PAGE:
Pet breeders could face new laws if controversial bill is passed

POSTED: Tuesday, May 24, 2011 - 3:27pm
UPDATED: Friday, April 13, 2012 - 8:54am

WACO -- The controversial "Puppy Mill" Bill has been passed by the Texas Senate. The bill regulates cat and dog breeders in an attempt to cut back on puppy mills. Commercial dog and cat breeders would have new regulations, fees and licensing requirements. However, not everyone is okay with the proposed law.

Texas is one of the top states for puppy mills, a record that Central Texas dog-breeder Laura Hostak wants no part of.

"Puppy mills are horrible. Anyone that's seen it can vouch for that. It's a horrible, terrible thing, and someone needs to step in and look out for these dogs," says Hostak.

That's what the so-called "Puppy Mill" Bill aims to do.

Donna Stone with the Central Texas Kennel Club is against the bill. She says licensing and regulation rules will hurt responsible breeders.

"Why should I be paying for someone else like the puppy mill? Why should I be licensed so I can support a bill that is punitive to all of us?" questions Stone. "We already have laws on the books that should be taking care of the puppy mills."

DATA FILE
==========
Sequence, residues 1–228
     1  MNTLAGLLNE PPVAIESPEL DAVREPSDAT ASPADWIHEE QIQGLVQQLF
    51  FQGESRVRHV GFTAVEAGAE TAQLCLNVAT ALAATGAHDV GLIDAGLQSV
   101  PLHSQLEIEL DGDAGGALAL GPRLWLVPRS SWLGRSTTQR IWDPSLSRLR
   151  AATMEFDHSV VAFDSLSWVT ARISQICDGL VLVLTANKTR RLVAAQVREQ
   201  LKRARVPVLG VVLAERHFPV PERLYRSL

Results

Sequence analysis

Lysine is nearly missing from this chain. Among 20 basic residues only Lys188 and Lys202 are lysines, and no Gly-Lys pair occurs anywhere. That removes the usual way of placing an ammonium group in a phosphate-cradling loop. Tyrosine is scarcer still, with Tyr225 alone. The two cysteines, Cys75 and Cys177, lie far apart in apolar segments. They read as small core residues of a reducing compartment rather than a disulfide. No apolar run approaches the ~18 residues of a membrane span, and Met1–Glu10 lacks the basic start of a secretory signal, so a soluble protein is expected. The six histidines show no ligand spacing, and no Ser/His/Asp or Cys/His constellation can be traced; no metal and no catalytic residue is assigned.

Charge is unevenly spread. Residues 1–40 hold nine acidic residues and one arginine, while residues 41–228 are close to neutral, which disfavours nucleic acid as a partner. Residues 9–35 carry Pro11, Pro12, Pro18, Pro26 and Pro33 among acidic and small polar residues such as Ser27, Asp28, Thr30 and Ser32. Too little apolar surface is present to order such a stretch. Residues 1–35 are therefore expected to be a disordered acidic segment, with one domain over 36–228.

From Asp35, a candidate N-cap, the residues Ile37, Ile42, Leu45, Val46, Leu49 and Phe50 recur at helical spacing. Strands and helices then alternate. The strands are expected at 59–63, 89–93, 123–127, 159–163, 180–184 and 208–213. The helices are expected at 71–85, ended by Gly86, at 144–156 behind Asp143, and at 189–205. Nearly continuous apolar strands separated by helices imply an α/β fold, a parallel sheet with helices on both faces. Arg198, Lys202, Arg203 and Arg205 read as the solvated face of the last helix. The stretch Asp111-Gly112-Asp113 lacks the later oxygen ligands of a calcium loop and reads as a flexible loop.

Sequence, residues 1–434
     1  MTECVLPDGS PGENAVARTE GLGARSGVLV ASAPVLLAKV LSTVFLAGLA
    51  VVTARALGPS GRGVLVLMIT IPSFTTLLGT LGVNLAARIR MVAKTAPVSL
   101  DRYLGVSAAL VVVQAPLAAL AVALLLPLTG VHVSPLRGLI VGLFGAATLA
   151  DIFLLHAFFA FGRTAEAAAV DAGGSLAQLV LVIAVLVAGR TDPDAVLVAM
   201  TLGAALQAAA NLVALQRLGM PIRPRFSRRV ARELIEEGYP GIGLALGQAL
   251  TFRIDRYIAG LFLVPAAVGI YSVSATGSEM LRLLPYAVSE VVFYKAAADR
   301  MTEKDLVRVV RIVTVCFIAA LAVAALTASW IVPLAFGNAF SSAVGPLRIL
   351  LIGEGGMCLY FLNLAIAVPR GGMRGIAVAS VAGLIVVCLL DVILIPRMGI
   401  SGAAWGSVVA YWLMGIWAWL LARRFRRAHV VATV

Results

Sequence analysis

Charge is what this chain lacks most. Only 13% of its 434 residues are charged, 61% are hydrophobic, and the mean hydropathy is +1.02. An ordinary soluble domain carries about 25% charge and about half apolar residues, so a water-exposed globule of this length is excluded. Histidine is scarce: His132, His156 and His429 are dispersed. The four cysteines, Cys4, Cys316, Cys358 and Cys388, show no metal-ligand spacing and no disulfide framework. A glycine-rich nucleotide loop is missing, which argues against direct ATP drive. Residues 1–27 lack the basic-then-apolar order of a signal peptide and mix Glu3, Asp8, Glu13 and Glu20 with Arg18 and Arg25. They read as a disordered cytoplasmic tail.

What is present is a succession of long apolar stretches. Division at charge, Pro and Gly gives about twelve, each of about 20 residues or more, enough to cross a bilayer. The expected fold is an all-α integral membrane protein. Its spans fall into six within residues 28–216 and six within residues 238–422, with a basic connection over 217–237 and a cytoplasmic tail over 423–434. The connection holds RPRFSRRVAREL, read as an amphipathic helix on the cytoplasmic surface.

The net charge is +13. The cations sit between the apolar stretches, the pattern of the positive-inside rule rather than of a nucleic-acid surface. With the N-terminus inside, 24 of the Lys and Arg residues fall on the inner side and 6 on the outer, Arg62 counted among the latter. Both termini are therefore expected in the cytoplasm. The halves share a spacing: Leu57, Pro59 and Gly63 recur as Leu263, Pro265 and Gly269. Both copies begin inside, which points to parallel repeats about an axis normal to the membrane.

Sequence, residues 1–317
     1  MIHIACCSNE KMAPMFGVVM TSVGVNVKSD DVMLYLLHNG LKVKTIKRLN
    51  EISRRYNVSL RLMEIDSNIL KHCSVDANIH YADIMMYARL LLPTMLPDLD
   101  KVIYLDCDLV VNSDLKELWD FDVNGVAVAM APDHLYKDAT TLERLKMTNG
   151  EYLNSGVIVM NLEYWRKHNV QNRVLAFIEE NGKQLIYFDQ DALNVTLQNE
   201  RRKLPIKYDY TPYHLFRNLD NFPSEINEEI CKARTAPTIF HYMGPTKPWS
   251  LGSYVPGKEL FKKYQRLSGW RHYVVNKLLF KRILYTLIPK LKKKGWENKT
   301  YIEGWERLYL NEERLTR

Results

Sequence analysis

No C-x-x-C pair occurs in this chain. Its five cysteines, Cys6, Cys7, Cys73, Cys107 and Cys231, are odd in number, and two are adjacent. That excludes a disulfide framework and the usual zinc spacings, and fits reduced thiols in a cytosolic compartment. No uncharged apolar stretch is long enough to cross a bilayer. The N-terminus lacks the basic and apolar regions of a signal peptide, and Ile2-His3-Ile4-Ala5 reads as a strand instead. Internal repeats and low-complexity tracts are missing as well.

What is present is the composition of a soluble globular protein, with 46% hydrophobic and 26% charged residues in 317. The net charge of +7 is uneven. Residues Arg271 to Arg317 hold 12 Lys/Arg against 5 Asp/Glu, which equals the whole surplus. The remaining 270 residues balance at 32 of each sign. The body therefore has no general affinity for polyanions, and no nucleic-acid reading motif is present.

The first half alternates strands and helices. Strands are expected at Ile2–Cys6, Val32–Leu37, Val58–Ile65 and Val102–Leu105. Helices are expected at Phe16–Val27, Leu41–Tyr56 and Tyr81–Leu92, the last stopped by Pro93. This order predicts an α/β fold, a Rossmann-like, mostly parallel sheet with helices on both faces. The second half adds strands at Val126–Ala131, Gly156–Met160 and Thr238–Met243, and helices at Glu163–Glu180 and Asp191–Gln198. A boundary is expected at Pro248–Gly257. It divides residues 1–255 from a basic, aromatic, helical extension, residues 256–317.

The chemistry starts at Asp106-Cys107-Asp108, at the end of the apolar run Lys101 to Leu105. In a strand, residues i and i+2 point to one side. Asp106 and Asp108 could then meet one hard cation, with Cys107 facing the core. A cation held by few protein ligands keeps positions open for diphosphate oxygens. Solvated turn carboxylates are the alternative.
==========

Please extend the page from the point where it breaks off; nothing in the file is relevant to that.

In addition to new fees, breeders will have to provide basic grooming, yearly veterinarian exams and clean caging. The new rules apply to those who sell 20 or more animals a year and have at least 11 females capable of breeding.

Hostak believes caring for that many dogs should be regulated more strictly.

"I am really against puppy mills. I'm okay with breeding on a small scale. I believe there's a demand for pure bred dogs. I think it's okay to occasionally check in on people and make sure their dogs are well taken care of."

The kennel club says they're against puppy mills, too, but this bill won't solve that problem.

"It's going to put an unfair financial burden on those of us that are doing their best to raise quality animals according to the breed standards so that we have the enjoyment of pure bred dogs," says Stone.

Now the bill heads back to the House for a final approval before sending it to Gov. Perry's desk.

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